New Mom’s Guide to Breastfeeding, Weaning, & Managing Fussiness


Becoming a mom for the first time is as scary as it is exciting. Chances are you’ve heard a mix of opinions on all things baby – some helpful and some…well, not so much. There are a lot of misconceptions about breastfeeding in particular that certainly don’t help to ease anxiety about feeding (we debunked some of these myths in a previous blog post!), but we’re here to clear up a few things and put your mama-mind at ease.

Aside from learning how to breastfeed, chances are as a new mama you’re also learning about weaning, managing fussiness, and how to make sure you’re supplying enough for your little one. Through all of this, the best takeaway is to be patient. Some days will be better than others, but you and your baby will eventually get the hang of it!


1. The first thing you will learn how to do is to get baby to latch to you in order to feed. As straightforward as it may seem, it can be tricky to get the hang of, so let’s break it down! First, you should position yourself for success. This means having your baby’s head, neck, and spine aligned and their chin tilted up. You should also be comfortable, so grab some pillows or a cushion to support your back, arms, and baby! 

2. Next, try to encourage your baby to open their mouth. Hold your baby so that their nose is level with your nipple. Then gently touch your nipple to their upper lip to prompt them to open their mouth wide – wider mouth equals an easier and better latch! Once their mouth is opened enough, bring them on to the breast while aiming your nipple towards the top of their mouth. Most of your areola should be covered by the baby’s bottom lip and jaw but everyone’s areola is different so if you see some, that’s okay! A helpful tip from other moms is to gently shape the breast as you bring the baby on to feed. Don’t be afraid to experiment a bit to find what works for you and your baby.

3. Not every latch will be seamless, so go easy on yourself as you learn. Once baby is latched, keep them as close to you as possible with their chin in contact with your breast. As your baby feeds, you will feel a sort of tugging sensation – this should not feel uncomfortable. You’ll also notice that at first your baby will do shorter, rapid sucks to initiate milk flow, then they’ll slow down with intermittent pauses—this is a good sign! You should see jaw movement and hear sucking and swallowing if your baby is sufficiently taking in milk. 


1. Slowly reduce breastfeeding. At this point, you should have a schedule with your baby. Pay attention to which feedings seem the least important or don’t last as long. Typically, night feedings are the most important to babies so that may be the last to eliminate.

2. Hold your baby close. When trying to introduce the bottle, hold your baby near you to soothe them.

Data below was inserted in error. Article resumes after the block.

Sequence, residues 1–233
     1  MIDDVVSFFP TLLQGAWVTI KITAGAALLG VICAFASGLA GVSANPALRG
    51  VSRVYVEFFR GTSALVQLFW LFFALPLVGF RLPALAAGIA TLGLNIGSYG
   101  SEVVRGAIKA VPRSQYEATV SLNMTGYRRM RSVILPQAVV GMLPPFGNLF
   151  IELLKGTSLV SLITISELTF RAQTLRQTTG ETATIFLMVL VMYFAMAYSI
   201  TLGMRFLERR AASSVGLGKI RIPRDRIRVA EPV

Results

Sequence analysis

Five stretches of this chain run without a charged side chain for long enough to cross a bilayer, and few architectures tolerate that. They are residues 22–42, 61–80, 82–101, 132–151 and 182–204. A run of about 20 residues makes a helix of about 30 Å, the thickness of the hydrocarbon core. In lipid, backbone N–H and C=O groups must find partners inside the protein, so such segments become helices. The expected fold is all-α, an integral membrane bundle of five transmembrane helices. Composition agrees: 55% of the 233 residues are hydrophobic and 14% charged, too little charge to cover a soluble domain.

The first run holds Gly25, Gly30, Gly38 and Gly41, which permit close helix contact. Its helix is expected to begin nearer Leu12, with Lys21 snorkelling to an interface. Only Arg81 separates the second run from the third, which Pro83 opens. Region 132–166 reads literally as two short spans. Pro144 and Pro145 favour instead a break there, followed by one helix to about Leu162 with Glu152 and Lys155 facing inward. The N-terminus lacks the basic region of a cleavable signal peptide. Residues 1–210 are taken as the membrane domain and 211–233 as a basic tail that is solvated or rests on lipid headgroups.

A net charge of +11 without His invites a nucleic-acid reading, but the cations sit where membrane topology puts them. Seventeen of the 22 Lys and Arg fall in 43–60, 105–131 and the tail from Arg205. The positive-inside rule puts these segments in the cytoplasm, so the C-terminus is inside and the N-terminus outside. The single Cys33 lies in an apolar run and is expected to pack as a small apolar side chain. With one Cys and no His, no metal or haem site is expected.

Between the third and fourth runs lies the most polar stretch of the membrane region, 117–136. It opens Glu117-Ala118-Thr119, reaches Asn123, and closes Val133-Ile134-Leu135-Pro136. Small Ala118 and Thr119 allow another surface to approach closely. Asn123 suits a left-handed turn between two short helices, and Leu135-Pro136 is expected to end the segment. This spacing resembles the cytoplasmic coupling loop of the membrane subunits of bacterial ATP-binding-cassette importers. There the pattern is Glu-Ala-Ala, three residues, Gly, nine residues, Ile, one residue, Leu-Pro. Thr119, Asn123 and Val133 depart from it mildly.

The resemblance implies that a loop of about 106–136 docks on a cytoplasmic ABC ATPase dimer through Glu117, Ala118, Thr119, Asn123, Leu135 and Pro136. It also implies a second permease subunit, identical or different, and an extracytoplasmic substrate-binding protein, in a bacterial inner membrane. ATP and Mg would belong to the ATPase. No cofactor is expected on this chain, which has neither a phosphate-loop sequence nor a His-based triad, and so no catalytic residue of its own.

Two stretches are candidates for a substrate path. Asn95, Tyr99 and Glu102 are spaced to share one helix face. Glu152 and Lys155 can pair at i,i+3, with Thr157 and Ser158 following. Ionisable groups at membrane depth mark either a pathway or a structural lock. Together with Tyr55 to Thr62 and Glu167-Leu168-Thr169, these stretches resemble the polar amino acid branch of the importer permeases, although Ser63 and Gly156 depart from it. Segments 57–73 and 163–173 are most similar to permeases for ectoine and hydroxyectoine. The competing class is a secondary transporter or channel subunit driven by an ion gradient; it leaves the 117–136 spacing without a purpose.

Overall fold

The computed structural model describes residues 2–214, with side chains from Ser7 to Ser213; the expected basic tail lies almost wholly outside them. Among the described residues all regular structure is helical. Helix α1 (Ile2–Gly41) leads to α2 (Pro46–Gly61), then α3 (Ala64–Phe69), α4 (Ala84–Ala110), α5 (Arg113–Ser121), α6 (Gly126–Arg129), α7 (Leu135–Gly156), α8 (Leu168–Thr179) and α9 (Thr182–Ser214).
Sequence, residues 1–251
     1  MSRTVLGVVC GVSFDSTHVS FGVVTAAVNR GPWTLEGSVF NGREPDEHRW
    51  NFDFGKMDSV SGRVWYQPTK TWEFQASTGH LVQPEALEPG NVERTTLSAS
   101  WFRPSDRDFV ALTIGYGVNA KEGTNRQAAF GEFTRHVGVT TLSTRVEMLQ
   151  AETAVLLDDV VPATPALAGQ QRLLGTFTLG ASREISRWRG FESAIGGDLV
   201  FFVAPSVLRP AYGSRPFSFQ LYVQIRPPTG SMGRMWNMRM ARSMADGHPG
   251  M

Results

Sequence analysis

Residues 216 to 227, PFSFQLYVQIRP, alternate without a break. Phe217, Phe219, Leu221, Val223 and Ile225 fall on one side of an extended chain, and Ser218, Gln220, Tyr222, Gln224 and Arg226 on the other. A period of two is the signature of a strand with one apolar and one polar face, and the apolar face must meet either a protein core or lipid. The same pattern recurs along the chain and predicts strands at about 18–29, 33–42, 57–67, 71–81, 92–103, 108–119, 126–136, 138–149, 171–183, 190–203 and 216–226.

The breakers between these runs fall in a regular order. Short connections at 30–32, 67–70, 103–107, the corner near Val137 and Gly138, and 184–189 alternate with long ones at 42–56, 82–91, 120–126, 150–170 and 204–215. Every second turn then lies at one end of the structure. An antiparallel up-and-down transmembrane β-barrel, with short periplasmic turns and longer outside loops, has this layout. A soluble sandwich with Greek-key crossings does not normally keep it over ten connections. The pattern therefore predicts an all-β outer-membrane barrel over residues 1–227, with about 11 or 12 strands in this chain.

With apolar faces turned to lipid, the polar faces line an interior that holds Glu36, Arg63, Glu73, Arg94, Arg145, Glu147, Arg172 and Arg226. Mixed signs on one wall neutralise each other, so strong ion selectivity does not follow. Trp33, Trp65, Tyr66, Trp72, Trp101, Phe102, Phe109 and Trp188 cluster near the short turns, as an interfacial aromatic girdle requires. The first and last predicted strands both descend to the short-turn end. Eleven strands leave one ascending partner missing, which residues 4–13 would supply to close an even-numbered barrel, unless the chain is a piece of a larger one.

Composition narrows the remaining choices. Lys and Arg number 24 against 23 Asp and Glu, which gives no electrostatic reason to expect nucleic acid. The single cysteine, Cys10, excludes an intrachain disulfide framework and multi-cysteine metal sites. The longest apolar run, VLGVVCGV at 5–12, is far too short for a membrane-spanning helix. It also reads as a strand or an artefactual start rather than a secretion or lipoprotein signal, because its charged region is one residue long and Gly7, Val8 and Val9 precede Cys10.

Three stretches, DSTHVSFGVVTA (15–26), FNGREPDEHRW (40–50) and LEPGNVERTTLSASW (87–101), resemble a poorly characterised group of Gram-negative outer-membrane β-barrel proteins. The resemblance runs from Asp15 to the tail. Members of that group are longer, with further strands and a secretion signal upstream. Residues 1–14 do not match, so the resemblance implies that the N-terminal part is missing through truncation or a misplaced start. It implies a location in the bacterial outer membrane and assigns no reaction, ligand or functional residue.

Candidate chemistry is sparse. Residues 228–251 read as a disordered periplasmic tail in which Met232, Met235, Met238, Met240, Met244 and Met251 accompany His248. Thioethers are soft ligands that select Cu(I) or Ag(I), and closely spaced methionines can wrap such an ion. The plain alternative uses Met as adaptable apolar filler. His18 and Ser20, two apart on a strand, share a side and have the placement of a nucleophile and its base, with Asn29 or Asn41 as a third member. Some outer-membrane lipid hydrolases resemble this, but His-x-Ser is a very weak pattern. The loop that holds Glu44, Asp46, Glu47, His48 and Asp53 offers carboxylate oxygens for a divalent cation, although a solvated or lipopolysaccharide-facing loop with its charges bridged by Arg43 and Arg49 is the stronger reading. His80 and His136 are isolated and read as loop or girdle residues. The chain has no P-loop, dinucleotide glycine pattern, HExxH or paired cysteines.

3. Use motion. Sometimes babies refuse bottles when weaning from the breast. Walking around, rocking, or sitting on a birthing ball can help with this obstacle.

4. Give your baby plenty of attention. Breastfeeding fulfills a number of baby’s needs like feeding, cuddling, sucking, eye contact, etc. Since you are breaking away from breastfeeding it is important to make sure your baby is still getting what they need. So make sure to give lots of affection, eye contact, and skin-to-skin touch. This goes for bottle weaning as well!



Managing Fussy Newborns

1. Create movement for your baby. Some ideas to try: rocking your baby, getting a baby swing, taking a drive, or recruiting your significant other to step in and give it a shot!

2. Make your baby comfortable. Your baby is still getting used to life outside of the womb. Recreating a warm, cozy environment can help soothe them. Swaddling, slings, or trying a kangaroo style approach might be the answer!

3. Make some noise. This might sound like fighting fire with fire, but consider all of the noise they experienced in your tummy: your beating heart, rush of blood, and stomach gurgling… So try turning on a fan or some variation of white noise to calm them.

4. Last-ditch efforts. After trying all of the above and any other tactics, your baby might still be fussy. Here are some last resort options for when you’re just not sure what to do!

  • Offer a pacifier! The American Academy of Pediatrics (AAP) says there is no issue fulfilling a child’s strong urge to suck with a binky. Most children give up binkies on their own around seven months but if they don’t, no worries! It won’t harm their development.

  • Check the temperature in your house. Your baby may be unable to relax because he’s too cold or hot!

  • Go outside. A change of scenery may be a welcomed distraction for you and for the baby!

With the help of these tips and the support of friends and family, you are well on your way to helping your baby every way you can. For a little extra help, check out our list of products that can help you with breastfeeding. You got this, mama!